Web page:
unbekannter Gast

Lithuania Part 1#

Part 1 of the description of a trip through Lithuania June 2016#

by H.Maurer

Part 1 shows only photos from Vilnius. Part 2 is showing the water castle Traika, the open air museum at Rumsiskes near Kaunas), a bit of Kaunas and Klaipeda, pictures from Nida and vicinity on the Curonian Spit ("Kurische Nehrung") and a visit to the "Mountain of crucifixes" near Siauliai, already close to the border of Latvia.

Lithuania, officially the Republic of Lithuania (Lithuanian: Lietuvos Respublika), is one of the three Baltic states. It is situated along the SE shore of the Baltic Sea, to the east of Sweden and Denmark. It is bordered by Latvia to the north, Belarus to the east and south, Poland to the south, and Kaliningrad (a Russian exclave) to the southwest. Lithuania has a population of about 3 million. Lithuanians are a Baltic people. The official language, Lithuanian, along with Latvian, are the only two living languages in the Baltic branch of the Indo-European language family.

As World War I neared its end, Lithuania's Act of Independence was signed on 16 February 1918, declaring the establishment of a sovereign State of Lithuania. 1940, Lithuania was occupied by the Soviet Union that sent the whole elite under horrible circumstances to Siberia, where most died. On June 14, 1941 the Nazis occupied Lithuenia, and murdered some 90% of the jewish population of about 200.000 in mass executions. As World War II neared its end, in 1944 and the Germans retreated, the Soviet Union reoccupied Lithuania with huge waves of further deportations to Siberia. On 11 March 1990, a year before the formal dissolution of the Soviet Union, Lithuania became the first Soviet republic to declare itself independent, resulting in the restoration of an independent State of Lithuania. Lithuania is a member of the European Union, the Council of Europe, a full member of the Schengen Agreement and NATO.

monument
The egg
Photo: Hermann Maurer, 2016, under CC BY-SA 3.0
Villnius Villnius, Lithuenia is the capital of Lithuania and its largest city, with a population of about 500.000. Vilnius is located in the southeast part of Lithuania and is the second largest city in the Baltic states. Vilnius is the seat of the main government institutions of Lithuania as well as of the Vilnius District Municipality. Vilnius is known for the architecture in its Old Town, declared a UNESCO World Heritage Site in 1994. It has, as is typical for a conservative catholic country a large number of churches some dating back over 600 years.

A good way to start a visit of Villnius is to stay near the ring road Pylimo leading around the old city, e.g. at a hotel near the "egg" pylimo 45 villnius . The egg, in this photo with part of the tower of All Saints’s church in the background was installed in the early ninenties to indicate that Lithunania is making a new start.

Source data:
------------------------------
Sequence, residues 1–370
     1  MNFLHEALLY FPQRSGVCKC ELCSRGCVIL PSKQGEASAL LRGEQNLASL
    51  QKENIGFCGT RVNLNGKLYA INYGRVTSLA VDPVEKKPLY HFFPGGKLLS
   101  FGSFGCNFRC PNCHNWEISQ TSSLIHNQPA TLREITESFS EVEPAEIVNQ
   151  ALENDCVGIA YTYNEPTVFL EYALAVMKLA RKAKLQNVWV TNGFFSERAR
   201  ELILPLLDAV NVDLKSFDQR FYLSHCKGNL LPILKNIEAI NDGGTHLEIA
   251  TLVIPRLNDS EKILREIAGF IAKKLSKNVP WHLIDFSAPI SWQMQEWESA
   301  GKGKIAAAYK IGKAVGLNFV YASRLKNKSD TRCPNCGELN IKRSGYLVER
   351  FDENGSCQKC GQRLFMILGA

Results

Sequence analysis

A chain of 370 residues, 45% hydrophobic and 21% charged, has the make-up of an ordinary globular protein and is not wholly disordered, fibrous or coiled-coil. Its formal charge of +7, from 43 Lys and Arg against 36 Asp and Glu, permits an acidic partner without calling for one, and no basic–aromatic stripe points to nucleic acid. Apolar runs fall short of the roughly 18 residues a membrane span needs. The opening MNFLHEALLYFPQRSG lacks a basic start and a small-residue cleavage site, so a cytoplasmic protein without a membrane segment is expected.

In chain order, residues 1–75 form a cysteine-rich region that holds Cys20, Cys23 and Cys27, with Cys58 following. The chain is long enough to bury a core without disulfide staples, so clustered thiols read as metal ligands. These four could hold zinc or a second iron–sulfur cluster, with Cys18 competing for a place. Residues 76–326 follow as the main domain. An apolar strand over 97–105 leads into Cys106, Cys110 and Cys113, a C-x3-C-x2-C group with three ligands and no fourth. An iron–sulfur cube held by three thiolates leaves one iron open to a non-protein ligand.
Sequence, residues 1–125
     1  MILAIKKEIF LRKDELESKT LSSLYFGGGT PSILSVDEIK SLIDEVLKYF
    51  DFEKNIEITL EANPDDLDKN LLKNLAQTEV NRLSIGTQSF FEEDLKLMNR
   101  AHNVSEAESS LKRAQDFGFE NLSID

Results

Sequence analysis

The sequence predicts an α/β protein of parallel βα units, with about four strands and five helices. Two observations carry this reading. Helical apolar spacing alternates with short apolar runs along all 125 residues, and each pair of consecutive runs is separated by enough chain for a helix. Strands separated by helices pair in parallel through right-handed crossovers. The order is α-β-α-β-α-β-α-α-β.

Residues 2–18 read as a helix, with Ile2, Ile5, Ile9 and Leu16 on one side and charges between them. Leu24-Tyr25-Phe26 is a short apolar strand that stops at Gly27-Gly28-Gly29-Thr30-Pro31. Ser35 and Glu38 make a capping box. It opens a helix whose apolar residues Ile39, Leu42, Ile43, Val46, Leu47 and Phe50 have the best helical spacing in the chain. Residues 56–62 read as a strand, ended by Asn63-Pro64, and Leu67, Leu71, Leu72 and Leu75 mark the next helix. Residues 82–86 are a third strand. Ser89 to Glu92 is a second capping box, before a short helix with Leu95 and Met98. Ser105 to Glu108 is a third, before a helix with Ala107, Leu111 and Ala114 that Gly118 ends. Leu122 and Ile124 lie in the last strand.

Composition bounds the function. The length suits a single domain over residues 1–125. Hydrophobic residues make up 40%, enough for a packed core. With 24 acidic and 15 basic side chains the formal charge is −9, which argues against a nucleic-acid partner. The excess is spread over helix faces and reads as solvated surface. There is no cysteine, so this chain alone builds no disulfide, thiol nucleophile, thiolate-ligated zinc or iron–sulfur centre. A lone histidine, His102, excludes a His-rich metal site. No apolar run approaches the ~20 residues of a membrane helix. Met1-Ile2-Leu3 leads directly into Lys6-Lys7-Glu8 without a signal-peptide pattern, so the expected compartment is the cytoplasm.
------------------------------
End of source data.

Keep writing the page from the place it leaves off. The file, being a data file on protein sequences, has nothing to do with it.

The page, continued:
All Saints Church is a Baroque-style church. It was built between 1620 and 1630 and was adopted for Carmelites' needs. In the second half of the 17th century, the church was linked with a monastery and formed a single complex: A large old-regulation Carmelite monastery adjoins the church. In 1819 the Carmelites established a parochial school in the monastery. It is reported that there is a tunnel through the sewers connecting the church with the ghetto established by the Nazis in 1941. It should be noted that alhtough there were Christian Lithuanians who helped smuggle food into the ghetto there were strong anti-jewish feelings in Vilnius even before the Nazis arrived, and when it was clear that they would indeed come, many jews were forced already by locals to give up precious items to temporarily survive. In Soviet times the church housed a museum of folk art: except for a single church all where used for secular purposes including storage of farming equipment during Soviet times.


Church
All Saints Church
Photo: Hermann Maurer, 2016, under CC BY-SA 3.0
Church
All Saints Church-Upper Part
Photo: Hermann Maurer, 2016, under CC BY-SA 3.0
Church
All Saints Church
Photo: Hermann Maurer, 2016, under CC BY-SA 3.0

A stroll through the old town shows many shops, restaurants, glimpses into courtyards, many churches and other impressive buildings.

Courtyard
Inner courtyards can be used for nice restaurants
Photo: Hermann Maurer, 2016, under CC BY-SA 3.0
Courtyard
Inner courtyard used for private purposes
Photo: Hermann Maurer, 2016, under CC BY-SA 3.0
Restaurant
A cute restaurant advertisement
Photo: Hermann Maurer, 2016, under CC BY-SA 3.0
Restaurant
One of the few brick buildings with excellent restaurant
Photo: Hermann Maurer, 2016, under CC BY-SA 3.0
Cheese
Famous cheese production
Photo: Hermann Maurer, 2016, under CC BY-SA 3.0
Cheese
Famous cheese production
Photo: Hermann Maurer, 2016, under CC BY-SA 3.0

There is certainly more amber on dsiplay than nature ever produced. To tell amber from plastic imitations there are reportedly three techniques: (1) Knock at it hard with a hammer: if it dissolves into large splinters, it was plastic; if it dissovles into just a pile of dust it was amber. (2) Put it in fire: if it burns nicely, it was amber; if it stinks it was plastic material. (3) (The only non destructive technique): prepare a water solution with 10% salt. If the item swims, it is amber; if it sinks, it is other material.

Amber
Amber is sold in many shops
Photo: Hermann Maurer, 2016, under CC BY-SA 3.0
Amber
Amber mushroom
Photo: Hermann Maurer, 2016, under CC BY-SA 3.0
Amber
More amber
Photo: Hermann Maurer, 2016, under CC BY-SA 3.0
monument
One of the few monuments erected under Soviet times that was not demantled, since it just shows two poets in discussion and has no political significance.
Photo: Hermann Maurer, 2016, under CC BY-SA 3.0
Concert Hall
Concert Hall
Photo: Hermann Maurer, 2016, under CC BY-SA 3.0
City Hall
City Hall in city hall square
Photo: Hermann Maurer, 2016, under CC BY-SA 3.0